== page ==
8

I was playing around with some code when I noticed something strange:

[~] main% cat test.cc
#include <stdio.h>

void f()
{
    int i;
    fprintf(stderr, "&i = 0x%08X\n", (long)&i);
}

int main(int argc, char**argv)
{
    f();
}
[~] main% g++ test.cc
[~] main% ./a.out
&i = 0xBFA27AB4
[~] main% ./a.out
&i = 0xBFAD7E24
[~] main% ./a.out
&i = 0xBFCA3464
[~] main% ./a.out
&i = 0xBF96C064
[~] main%

The odd thing to me is the variation in the address of the variable i.

My guess is that the kernel supplies different stack start addresses to try to thwart some kind of crack. What's the real reason?

  • @Sergei - Forgive my ignorance, but I don't understand the reason for a bounty on this question. ASLR is well known - especially nowadays - and it is not clear to me what more needs to be said for this question. 500 point bounty also seems excessive to me for this question. What, exactly, are you looking for in an answer? – jww Aug 16 '19 at 5:21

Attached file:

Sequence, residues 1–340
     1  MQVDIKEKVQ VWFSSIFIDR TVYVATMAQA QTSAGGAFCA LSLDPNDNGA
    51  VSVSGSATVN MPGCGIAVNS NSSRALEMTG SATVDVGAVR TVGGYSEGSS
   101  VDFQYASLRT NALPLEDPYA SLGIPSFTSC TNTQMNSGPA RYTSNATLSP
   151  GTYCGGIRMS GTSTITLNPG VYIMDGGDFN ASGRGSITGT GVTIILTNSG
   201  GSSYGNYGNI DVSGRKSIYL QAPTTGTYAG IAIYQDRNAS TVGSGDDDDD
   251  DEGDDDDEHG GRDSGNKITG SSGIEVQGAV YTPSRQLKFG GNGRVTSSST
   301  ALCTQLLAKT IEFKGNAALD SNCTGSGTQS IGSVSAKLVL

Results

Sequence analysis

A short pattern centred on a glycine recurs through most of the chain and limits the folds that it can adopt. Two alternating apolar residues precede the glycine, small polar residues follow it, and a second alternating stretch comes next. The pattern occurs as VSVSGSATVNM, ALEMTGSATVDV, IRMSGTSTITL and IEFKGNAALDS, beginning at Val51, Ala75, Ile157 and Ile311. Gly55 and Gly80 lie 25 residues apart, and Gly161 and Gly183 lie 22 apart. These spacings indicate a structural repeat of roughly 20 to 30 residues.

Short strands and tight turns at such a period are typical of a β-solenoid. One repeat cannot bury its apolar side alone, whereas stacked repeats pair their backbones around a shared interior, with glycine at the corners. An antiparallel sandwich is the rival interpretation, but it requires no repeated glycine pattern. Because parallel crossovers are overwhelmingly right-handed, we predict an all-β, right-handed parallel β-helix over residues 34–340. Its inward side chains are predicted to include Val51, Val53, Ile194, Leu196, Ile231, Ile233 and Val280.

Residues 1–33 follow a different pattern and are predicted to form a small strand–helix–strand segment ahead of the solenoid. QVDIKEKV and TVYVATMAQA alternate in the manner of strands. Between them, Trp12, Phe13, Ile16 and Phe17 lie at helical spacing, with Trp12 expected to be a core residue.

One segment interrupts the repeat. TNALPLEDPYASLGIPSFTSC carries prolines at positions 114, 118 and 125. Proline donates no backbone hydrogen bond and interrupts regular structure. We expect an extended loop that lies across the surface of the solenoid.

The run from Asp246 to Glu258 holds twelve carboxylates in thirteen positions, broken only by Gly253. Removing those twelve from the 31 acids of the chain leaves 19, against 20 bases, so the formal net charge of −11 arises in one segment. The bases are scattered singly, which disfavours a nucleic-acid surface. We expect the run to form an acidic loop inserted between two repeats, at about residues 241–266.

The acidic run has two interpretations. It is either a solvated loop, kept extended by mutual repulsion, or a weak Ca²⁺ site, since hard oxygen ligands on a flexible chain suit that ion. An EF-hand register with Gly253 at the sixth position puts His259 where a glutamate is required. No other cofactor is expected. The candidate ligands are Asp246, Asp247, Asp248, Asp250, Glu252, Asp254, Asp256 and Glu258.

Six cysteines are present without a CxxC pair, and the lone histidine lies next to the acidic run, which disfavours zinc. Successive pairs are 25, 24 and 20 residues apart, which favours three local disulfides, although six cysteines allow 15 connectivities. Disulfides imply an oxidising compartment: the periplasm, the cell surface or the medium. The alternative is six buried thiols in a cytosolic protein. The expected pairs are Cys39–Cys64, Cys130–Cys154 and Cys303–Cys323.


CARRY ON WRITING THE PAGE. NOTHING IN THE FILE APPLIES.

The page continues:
• @jww I am not looking for anything new, my intention is to reward the existing answer – Sergey Kurenkov Aug 16 '19 at 9:24
13
+500

Address space layout randomisation is used on several operating systems for precisely this reason. Your variation in stack pointer addresses may well be caused by this - very likely to be the case on recent versions of Linux and or *BSD. IIRC recent versions of Windows do this as well.

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